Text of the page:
Artist Trivia: Marsden Hartley

Marsden Hartley, Stormy Sea No. 2 (detail), 1936, oil on academy board, 12 1/8 x 16 inches, Museum Purchase made possible in part by gifts from Mr. Edwin L. Beckwith and Dr. Peter Sheldon, 1983.2
Marsden Hartley, Stormy Sea No. 2 (detail), 1936, oil on academy board, 12 1/8 x 16 inches, Museum Purchase made possible in part by gifts from Mr. Edwin L. Beckwith and Dr. Peter Sheldon, 1983.2

Who is this artist?

This painter was born near Lewiston, Maine to English parents in 1877. Their father worked at a textile mill and mother died when this artist was only five. The artist moved to Ohio in 1893 and studied at the Cleveland School of Art. A trustee at the school provided the financial support for this painter to study at William Merritt Chase’s School of Art in New York City for five years before transferring to the National Academy of Design in 1902. The summer of 1907 brought this painter to Eliot, Maine to attend a mystics retreat called Green Acre, which promoted the study of Eastern religion.  In 1909 Alfred Stieglitz arranged a solo show for the painter at his 291 Gallery in New York City.  During studies in Europe this painter met Paul Cezanne, Henri Matisse and Pablo Picasso at the home of Gertrude and Leo Stein, and was inspired by their circle of intellectuals and artists.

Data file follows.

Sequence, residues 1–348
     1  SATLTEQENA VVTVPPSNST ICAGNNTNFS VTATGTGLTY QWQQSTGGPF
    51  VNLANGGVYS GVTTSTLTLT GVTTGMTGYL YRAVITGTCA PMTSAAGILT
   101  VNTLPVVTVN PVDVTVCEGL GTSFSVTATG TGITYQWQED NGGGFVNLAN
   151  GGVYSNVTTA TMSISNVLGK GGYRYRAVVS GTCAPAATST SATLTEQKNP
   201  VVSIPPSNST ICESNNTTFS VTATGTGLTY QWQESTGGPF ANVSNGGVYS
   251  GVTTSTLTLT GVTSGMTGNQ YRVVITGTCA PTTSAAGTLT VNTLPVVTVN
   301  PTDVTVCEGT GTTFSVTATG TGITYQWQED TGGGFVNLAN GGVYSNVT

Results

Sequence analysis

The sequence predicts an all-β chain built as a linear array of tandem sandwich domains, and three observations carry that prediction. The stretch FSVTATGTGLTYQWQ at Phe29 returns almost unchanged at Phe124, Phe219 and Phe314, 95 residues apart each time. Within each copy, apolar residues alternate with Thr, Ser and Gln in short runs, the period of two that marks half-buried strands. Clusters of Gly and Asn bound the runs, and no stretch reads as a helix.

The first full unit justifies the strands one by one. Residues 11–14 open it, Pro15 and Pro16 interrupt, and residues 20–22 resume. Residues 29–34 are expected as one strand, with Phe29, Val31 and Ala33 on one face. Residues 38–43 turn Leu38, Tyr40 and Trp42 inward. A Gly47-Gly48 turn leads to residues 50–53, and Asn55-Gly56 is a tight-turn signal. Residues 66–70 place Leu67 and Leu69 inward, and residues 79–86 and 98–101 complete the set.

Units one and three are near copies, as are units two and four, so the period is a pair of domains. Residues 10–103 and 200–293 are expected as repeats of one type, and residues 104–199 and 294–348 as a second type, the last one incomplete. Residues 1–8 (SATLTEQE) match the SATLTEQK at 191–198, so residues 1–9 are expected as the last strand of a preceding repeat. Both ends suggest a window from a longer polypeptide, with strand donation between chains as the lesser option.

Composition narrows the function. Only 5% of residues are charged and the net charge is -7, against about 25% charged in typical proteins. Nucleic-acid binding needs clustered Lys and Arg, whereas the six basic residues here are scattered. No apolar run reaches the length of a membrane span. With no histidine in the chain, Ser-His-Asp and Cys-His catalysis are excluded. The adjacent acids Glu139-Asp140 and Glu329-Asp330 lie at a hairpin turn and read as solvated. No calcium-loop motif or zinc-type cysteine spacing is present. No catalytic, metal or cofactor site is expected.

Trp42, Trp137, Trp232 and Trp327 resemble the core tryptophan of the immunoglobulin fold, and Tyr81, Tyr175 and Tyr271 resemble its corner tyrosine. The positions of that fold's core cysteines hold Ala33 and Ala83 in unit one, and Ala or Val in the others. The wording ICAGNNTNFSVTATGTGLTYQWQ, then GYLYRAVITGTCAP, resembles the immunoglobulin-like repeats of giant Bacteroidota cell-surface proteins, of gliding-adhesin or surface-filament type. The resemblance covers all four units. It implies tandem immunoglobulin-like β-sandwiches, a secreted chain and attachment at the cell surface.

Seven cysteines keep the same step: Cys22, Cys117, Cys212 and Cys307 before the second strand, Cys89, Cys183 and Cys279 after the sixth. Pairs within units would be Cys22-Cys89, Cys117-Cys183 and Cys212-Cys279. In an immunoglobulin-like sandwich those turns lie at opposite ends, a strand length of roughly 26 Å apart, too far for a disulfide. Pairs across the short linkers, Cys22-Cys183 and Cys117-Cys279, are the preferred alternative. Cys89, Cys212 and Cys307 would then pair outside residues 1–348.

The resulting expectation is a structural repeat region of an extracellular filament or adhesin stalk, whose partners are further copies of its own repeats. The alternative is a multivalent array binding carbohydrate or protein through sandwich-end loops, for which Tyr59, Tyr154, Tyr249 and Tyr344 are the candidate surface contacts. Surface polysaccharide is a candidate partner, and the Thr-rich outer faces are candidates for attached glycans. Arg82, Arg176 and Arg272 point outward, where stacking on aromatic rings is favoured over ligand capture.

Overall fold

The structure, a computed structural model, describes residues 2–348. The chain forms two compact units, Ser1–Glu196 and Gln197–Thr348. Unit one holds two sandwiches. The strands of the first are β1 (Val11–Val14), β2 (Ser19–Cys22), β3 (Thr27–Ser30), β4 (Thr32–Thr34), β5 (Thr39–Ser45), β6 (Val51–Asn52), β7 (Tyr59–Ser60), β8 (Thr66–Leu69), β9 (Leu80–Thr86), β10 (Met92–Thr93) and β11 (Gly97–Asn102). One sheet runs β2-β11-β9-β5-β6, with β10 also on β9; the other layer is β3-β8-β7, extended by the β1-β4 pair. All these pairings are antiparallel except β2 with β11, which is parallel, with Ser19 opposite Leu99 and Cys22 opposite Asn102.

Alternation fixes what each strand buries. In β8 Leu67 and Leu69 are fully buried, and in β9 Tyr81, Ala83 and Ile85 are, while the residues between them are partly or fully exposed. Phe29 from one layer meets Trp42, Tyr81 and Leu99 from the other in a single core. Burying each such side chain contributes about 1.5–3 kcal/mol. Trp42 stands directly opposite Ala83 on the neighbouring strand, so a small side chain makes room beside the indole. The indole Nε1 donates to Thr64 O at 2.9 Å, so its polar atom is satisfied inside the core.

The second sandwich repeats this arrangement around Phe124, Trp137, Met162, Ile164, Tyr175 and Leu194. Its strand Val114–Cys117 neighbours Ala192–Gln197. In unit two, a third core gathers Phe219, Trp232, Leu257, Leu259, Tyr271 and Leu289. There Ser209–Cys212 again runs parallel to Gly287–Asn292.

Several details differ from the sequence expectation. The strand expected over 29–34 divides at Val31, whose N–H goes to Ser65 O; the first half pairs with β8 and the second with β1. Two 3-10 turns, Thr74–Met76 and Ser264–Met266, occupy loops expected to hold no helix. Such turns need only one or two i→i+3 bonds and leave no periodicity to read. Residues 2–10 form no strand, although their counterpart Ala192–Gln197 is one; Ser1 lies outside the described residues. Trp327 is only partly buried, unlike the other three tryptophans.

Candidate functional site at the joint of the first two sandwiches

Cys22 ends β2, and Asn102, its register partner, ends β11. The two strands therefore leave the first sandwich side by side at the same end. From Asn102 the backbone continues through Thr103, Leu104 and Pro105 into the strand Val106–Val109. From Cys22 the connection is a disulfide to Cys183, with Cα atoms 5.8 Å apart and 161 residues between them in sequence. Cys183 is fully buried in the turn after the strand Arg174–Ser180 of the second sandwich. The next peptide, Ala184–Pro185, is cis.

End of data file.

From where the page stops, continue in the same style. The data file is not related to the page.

We celebrate this artist on January 4.

Who is Marsden Hartley?

Maine-born Marsden Hartley spent many periods of his life returning to Maine to paint. Travels through Europe took Hartley to Berlin in 1913, where he associated with Wassily Kandinsky and other modernists.  The onset of World War I brought Hartley back to America, for many years moving from place to place, before returning to France in 1926 to trace Cezanne’s footsteps in Provence. Eventually Hartley returned to Maine, focusing  on expressive,  and entirely original, paintings of Mount Katahdin and other natural areas.  He believed an artist could express emotions and spirituality through art, and through his depiction of mountains, hoped to convey the highest and most noble ideals of the human spirit.  By 1931, he was painting in his final and perhaps most recognized expressionism, bold in outline and featuring vividly contrasting colors.

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